General Motors Co., the biggest foreign automaker in China, reported its slowest sales growth in the country in eight months as deliveries of Buicks and Cadillacs declined.
Deliveries of cars and minivans climbed 1.7 percent to 244,266 units in September, the Detroit-based automaker said in a statement on its website today. Sales of Cadillacs fell for a sixth straight month, according to monthly figures posted on GM’s website.
The U.S. carmaker didn’t benefit from anti-Japan sentiment in China over disputed islands that led to a boost in sales of non-Japanese brands such as Hyundai Motor Co. and Kia Motors Corp. GM has outperformed China’s industry average this year as it opened more dealerships in the country, a key market to the company retaining its title as the world’s largest automaker after it was outsold by Toyota Motor Corp. in the first half.
Sales of Buicks fell 1.8 percent in September after climbing 2.8 percent in August, while Cadillac sales dropped 8.3 percent last month, GM said.
Hyundai and affiliate Kia’s combined deliveries in China rose to 127,827 units last month, or 9.5 percent more than the previous record set a year earlier, Seoul-based Hyundai said in a statement yesterday. The two South Korean carmakers will probably sell more vehicles in 2012 than the 1.25 million they had projected, it said.
GM’s total sales for the first nine months of this year to dealerships in China rose 10 percent to 2.08 million units, according to the statement.
Sales of SAIC-GM-Wuling Automobile Co., the venture that makes Wuling mini-commercial vehicles, gained 0.4 percent to 119,510 units last month, it said. Deliveries at FAW-GM Light Commercial Vehicle Co., the venture with FAW Group Corp., fell 5 percent to 4,581 units.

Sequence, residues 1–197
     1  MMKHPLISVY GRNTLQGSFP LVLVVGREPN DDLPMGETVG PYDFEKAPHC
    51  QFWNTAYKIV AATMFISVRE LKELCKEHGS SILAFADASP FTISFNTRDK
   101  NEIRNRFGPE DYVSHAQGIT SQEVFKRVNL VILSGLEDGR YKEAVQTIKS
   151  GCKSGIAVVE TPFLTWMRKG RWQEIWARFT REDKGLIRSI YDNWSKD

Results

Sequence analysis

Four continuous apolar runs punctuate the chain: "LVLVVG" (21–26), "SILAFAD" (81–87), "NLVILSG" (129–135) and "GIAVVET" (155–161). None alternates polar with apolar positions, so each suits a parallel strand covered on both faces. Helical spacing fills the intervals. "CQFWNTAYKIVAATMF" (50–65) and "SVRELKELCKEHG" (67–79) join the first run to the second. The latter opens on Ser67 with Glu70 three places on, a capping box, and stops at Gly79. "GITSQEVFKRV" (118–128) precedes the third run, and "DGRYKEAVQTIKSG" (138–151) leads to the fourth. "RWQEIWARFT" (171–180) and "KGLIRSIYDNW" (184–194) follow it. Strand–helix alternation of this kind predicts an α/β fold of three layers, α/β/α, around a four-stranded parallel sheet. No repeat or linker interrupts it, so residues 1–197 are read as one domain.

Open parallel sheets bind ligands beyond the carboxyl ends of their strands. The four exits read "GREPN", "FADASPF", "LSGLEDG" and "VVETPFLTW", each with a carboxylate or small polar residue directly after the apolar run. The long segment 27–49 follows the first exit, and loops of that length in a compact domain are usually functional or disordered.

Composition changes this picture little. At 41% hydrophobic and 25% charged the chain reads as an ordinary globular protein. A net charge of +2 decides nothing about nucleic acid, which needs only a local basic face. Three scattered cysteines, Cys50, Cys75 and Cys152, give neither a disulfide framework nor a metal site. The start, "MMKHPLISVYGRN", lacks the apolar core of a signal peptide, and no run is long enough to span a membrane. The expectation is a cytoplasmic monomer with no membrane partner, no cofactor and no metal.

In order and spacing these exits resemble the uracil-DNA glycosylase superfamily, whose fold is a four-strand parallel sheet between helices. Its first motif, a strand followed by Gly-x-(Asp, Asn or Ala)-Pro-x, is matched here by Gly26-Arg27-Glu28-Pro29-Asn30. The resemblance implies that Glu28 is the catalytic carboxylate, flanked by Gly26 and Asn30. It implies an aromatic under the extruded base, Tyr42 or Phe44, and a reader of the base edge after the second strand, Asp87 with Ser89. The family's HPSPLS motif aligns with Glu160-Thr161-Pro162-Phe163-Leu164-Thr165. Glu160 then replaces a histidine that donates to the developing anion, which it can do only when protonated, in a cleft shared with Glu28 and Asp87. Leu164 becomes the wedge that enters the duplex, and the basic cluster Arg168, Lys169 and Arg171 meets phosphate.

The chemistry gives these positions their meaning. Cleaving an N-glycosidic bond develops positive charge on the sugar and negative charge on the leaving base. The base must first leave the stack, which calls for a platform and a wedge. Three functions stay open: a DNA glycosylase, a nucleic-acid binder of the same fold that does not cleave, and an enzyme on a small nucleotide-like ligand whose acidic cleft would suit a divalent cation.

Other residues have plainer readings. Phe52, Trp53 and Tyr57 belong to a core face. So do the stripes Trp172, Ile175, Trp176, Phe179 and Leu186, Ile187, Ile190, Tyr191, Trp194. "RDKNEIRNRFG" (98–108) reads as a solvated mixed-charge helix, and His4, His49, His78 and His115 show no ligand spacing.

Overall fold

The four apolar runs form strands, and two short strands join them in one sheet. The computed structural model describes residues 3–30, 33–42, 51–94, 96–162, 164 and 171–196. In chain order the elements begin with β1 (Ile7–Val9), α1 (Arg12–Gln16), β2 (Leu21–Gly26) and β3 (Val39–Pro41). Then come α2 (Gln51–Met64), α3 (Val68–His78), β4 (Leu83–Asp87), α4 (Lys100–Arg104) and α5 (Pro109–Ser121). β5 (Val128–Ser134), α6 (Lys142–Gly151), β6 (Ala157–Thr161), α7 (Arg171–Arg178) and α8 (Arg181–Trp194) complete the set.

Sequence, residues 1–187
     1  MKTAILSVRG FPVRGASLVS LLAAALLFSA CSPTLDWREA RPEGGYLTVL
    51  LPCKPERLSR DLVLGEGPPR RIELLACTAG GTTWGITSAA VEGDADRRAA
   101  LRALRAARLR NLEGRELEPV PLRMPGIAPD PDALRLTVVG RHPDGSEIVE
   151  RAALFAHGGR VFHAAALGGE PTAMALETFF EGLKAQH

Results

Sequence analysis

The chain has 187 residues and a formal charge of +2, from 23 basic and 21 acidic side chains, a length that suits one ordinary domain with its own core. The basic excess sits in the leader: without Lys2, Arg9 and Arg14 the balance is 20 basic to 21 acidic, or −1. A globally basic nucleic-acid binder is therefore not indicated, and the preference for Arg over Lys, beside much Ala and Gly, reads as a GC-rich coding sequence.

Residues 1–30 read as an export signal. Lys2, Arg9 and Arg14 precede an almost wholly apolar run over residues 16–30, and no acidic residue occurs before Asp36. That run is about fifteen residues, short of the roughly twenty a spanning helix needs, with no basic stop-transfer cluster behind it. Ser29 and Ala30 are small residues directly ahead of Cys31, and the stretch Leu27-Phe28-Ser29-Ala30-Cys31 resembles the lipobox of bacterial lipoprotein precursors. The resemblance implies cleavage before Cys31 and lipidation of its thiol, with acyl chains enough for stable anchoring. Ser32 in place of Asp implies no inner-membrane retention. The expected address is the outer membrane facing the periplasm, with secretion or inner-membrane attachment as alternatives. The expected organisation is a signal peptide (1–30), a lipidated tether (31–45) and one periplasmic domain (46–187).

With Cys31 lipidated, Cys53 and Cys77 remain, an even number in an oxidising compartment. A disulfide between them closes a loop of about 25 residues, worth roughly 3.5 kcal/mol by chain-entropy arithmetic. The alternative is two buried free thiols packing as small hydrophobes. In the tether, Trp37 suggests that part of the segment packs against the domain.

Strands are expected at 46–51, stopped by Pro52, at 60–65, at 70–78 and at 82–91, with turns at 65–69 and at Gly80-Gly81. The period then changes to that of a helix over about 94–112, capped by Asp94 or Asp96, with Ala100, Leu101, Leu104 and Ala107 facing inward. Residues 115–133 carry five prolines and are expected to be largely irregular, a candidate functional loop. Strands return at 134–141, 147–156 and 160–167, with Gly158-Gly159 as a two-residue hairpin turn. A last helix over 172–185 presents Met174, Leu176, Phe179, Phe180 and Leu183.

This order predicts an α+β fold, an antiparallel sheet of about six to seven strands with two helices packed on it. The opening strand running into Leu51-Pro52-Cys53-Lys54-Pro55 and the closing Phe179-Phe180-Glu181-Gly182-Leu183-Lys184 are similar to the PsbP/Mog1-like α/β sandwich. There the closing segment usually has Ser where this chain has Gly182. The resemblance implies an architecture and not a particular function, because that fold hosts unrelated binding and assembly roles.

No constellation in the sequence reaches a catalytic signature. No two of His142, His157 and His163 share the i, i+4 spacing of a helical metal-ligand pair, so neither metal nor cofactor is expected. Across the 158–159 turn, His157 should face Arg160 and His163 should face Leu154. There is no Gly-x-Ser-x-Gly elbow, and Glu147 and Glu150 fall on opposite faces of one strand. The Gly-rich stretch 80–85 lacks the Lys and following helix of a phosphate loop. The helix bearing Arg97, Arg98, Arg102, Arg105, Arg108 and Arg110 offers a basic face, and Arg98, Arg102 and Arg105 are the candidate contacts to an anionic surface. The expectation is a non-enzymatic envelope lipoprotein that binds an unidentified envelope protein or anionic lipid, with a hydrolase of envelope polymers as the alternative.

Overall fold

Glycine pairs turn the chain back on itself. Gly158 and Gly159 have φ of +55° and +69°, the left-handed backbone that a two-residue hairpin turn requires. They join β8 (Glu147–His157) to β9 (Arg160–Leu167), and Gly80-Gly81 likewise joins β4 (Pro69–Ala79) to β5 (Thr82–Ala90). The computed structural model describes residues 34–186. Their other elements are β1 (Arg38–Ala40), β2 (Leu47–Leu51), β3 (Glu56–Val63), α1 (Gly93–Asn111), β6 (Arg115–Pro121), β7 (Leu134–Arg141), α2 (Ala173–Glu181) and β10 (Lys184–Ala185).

Chevrolet sales rose 3.2 percent to 56,166 units, a record for the month, GM said.
Average passenger-vehicle prices have fallen every month this year as dealerships increased discounts to reduce a glut of inventory, according to National Development and Reform Commission data in September.
Sales in the world’s largest vehicle market have slowed alongside the economy, with data showing industrial output in August increased at the slowest pace in three years.
China’s economy may expand 7.7 percent this year, according to the median forecast of 45 economists in a Bloomberg survey, which would be the slowest rate since 1999. The data is scheduled to be released Oct. 18.
While sales growth has stalled the past two years, high savings rates and pent-up demand mean Chinese consumers are expected to buy 25.5 million vehicles annually three years from now, according to the average forecast of IHS Automotive, Macquarie Equities Research and the Economist Intelligence Unit.